IT’S not that unusual to develop a cough after spending weeks either in air conditioned rooms and cars or outside on 40 degree days.
On his first back in England after three weeks in the Middle East Alan Cane woke up wrapped in clammy sheets. He coughed and there was blood in his handkerchief.
A visit to the doctor led to blood tests and an x-ray. Two days later he was admitted to a sanatorium with tuberculosis, TB.
This all happened in the mid-1970s and such a diagnosis, even then, was commonly regarded as a death sentence. Antibiotics meant this was no longer the case, but there remained a stigma attached to TB.
Now nearing 70, Cane has written a biographical novel about the 1000 days that followed his diagnosis.
He readily admits that three years does not make a life, but the six months of relative isolation spent in the sanatorium (including surgery to remove part of a lung) turned his life around.
Although he hadn’t been fired, it soon became apparent after returning to work that his employer no longer needed, or wanted, him on the payroll. The company had been supportive throughout his illness “but I was damaged goods; they didn’t want to know me”.
Cane now lives at Mt Eliza with his wife Susana, who also features in the book, first as a part of a double date in Singapore and then as his wife. They have four children.
A picture of Susana is on the cover of Cane’s “true life memoir”. He says it’s not necessary for the cover image “to be relevant to the content”.
Cane’s A breathless odyssey does not hold back on the pleasure seeking times and exploits of a late 20s business man based in Singapore after surviving a life-threatening disease. His wife, he says, gave her approval to the sexual content and references “but there are two chapters devoted to her – she knocked me off my feet [when I met her]”.
Once out of the sanatorium (a forbidding Edwardian building now truned into trendy apartments) Cane was offered a job within six months by a rival to his former employer. But this time his base would be in Asia rather than the Middle East. Cane grabs the opportunity with both hands, becoming “expertly familiar with Asian business practices”.
A chemical engineer who had graduated from Manchester University, Cane worked in both the technical and marketing fields of water purification.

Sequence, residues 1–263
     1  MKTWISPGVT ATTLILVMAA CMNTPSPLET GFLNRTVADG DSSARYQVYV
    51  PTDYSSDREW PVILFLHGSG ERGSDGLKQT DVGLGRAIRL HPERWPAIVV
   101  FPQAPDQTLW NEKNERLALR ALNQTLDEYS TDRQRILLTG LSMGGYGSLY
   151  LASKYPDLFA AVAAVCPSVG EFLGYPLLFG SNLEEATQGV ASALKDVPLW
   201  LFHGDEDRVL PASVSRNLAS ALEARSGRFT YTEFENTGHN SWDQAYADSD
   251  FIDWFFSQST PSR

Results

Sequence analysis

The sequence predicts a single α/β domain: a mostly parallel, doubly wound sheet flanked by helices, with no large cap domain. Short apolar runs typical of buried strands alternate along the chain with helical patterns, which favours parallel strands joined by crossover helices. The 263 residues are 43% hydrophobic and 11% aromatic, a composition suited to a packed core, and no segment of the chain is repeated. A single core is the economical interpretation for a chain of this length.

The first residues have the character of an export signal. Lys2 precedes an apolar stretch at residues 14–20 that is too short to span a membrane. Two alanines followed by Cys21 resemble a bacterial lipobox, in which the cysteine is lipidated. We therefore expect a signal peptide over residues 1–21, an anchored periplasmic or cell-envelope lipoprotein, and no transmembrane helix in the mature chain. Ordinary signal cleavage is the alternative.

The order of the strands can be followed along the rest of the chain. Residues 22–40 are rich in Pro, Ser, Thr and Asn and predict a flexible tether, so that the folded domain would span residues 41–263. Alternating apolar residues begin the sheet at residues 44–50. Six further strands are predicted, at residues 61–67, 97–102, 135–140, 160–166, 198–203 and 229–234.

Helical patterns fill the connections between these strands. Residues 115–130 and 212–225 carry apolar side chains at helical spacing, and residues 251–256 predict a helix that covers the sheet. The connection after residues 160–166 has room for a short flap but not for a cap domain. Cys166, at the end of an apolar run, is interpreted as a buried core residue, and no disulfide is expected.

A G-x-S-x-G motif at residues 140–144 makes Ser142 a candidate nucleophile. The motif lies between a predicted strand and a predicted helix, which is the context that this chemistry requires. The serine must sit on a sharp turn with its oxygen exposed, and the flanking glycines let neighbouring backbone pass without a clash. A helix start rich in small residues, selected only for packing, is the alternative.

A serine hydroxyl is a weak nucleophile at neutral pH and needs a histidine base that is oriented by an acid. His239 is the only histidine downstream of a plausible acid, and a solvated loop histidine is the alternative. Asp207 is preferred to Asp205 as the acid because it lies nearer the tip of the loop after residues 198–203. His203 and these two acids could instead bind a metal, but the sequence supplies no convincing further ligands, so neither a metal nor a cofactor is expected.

“I was a pioneer, taking [this technology] to the region,” he says.
Cane says wanted to “document something that was important to me” and explains to future generations of his family “how Chinese blood came into their DNA”.
“I was the first European to take one of my wife’s [12 brothers and sisters] from Singapore.
“The book [was written] as more of an indulgence than to make money, but I’ll be happy to recover costs.”
Cane had written two previous books, both calling on his wide knowledge and experience of doing business in the Middle East and South East Asia.
They were written after he brought his young family to live in Australia in 1984 on the back of an offer to participate in a development project based in Melbourne.
The project failed and he saw there was value in his experience, and realised having a published book was a way to become known as an expert. A go to man for quotes, newspaper columns, consulting and speaking on “the seminar circuit”.
Happily for Cane, his decision to live in Australia coincided with the urgings from some federal MPs (Paul Keating for one) for business leaders to embrace the idea of looking to Asia for business as well as the more traditional markets in Europe and the United States.
“Just spouting out what I knew led to my success,” he says.
Some of the advice he gave included “just speaking another language isn’t a recipe for success” and “don’t pretend you are something more than you are”.
“You can intimidate people if you profess to be an expert in business and languages. Remember, people are looking for simple solutions.”
Now retired, Cane says his life revolves around family. He plays some golf, brews craft beer and enjoys cooking.
He is also available for speaking engagements.
Alan Cane’s “A breathless Odyssey” will be officially launched at Frankston Library 6.30-7.30pm Wednesday 14 December. Ford details and bookings call 9784 1020. Email: firstname.lastname@example.org